The odds of getting the No. 1 pick listed below (and listed on the playoff odds report page) do not incorporate traded picks. Projected division champions are colored in light yellow and projected wild-card teams are colored in light purple.
You’ll notice the biggest change between the book and this projection, which is that last yellow line. The Green Bay Packers fell a little bit in our projections based on a number of personnel adjustments that all changed small variables slightly, and that means that we end up with the Detroit Lions as our NFC North favorites. I’ve been trying to explain all preseason that Detroit is better than conventional wisdom but I did not expect to have to wave the flag of the Lions as division favorites and I’m not exactly happy about it. It seems like going a little bit too far, but that’s what the numbers spat out in what is by far the closest division in the NFL according to our projections. All four NFC North teams have projected DVOA between 1.0% and 2.8%, and all four teams have mean projected wins between 8.0 and 8.3. Detroit is not as good as Chicago or Green Bay, but it’s close, and they have the easiest schedule in the division. The Lions aren’t prohibitive favorites, but nuance doesn’t exactly work well on the Internet.
We’ve also had a change in our projected winner of the AFC South. The Indianapolis Colts have dropped into last place in the projections after the retirement of Andrew Luck. We thought we were going to have the Tennessee Titans as our projected division champions but Houston jumped ahead of the Titans at the last minute. Those trades this weekend may have hamstrung the future process of building the team, but we do think that the addition of Tunsil and Stills outweighs the loss of Clowney and that puts the Texans very narrowly ahead of the Titans as the favorites in the AFC South.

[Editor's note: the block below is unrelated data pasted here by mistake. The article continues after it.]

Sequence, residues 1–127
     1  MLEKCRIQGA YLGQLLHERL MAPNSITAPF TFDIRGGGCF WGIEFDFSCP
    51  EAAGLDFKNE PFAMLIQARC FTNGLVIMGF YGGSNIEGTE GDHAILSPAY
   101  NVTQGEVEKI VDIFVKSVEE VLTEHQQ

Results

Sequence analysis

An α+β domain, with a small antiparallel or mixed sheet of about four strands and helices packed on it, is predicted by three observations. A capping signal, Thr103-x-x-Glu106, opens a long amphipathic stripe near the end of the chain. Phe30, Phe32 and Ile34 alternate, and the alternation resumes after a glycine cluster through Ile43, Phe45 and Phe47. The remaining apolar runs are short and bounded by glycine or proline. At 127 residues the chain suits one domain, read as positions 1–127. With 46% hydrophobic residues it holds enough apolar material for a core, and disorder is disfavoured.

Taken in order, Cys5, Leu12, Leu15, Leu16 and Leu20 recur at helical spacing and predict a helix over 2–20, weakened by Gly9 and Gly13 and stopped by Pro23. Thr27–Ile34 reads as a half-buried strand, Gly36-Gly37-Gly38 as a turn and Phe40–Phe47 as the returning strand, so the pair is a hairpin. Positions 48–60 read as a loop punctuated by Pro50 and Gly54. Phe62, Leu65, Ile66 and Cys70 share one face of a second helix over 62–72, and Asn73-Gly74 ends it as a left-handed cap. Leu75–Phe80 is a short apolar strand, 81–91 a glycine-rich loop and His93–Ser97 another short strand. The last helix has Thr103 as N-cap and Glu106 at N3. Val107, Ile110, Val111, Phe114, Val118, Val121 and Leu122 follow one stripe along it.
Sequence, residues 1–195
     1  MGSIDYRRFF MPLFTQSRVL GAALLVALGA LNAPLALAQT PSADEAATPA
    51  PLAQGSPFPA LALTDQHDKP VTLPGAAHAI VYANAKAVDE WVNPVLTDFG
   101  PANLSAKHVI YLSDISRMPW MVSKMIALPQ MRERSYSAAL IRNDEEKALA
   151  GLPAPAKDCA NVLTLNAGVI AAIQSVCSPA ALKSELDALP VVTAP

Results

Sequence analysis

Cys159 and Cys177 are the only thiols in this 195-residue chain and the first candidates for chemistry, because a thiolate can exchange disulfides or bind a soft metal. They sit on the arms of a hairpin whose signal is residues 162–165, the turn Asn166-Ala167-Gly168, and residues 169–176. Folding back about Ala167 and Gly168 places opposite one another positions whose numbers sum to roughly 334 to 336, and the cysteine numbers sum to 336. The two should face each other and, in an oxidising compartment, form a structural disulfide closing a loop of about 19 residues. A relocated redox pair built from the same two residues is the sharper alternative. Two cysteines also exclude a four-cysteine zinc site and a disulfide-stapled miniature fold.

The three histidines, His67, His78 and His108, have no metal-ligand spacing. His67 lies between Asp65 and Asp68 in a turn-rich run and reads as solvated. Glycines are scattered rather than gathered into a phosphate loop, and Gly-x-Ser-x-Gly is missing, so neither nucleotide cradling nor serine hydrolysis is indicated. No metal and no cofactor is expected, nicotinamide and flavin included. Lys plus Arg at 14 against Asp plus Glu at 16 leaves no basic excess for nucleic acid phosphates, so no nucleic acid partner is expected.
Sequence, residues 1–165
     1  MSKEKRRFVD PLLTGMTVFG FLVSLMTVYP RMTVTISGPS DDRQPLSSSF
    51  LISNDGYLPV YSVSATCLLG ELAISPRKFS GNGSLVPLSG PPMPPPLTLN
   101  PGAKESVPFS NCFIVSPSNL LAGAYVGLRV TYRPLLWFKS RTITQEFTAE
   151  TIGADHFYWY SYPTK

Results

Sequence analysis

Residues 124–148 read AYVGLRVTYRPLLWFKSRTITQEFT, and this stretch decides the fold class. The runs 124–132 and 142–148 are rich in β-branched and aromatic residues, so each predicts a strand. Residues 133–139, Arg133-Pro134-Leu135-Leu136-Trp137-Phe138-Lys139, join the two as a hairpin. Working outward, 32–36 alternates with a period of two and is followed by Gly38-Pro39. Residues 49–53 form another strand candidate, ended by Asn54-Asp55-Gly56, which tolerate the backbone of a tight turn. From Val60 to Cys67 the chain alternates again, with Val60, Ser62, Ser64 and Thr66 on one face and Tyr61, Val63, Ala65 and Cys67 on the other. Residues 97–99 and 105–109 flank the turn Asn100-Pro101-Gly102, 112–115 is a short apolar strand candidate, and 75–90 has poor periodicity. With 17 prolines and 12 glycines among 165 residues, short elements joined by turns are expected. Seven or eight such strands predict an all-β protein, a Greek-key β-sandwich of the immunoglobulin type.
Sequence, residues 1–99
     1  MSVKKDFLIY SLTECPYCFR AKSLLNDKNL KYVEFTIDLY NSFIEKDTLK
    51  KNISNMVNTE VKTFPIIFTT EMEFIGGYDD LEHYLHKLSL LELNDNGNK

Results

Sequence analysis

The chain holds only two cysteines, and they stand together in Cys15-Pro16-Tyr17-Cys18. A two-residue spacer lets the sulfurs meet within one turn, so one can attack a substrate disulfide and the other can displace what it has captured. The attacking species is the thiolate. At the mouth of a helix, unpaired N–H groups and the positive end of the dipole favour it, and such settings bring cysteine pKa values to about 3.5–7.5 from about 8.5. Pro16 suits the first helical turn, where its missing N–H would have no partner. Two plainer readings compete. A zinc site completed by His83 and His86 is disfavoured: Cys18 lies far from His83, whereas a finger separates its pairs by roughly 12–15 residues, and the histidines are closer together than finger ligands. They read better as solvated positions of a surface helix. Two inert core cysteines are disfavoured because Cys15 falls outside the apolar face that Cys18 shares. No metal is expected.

Besides the Colts and Packers, other teams that fell a bit since the DVOA projections in FOA 2019 are the Los Angeles Chargers, who were our AFC favorites in the book but have fallen behind New England due to injuries, and the Miami Dolphins, who come out even worse now than they did a couple months ago. I’ll have to go through all the old books to see when’s the last time we had a preseason mean projection below 5.0 wins but it was probably a long time ago.
You may notice that our mean projections have 10 of 12 teams returning to the playoffs. The only non-repeat playoff teams we have in our top 12 are Pittsburgh and Detroit. (Green Bay, if it was NFC North favorite, would also be a non-repeat playoff team.) Obviously, there will be more change in the playoff structure than that. Historically, about half the playoff teams have turned over each year, although that total has been lower in recent years. Still, forecasting most teams to stay consistent ends up being more accurate than blindly casting about to try to figure out which will be the new playoff teams.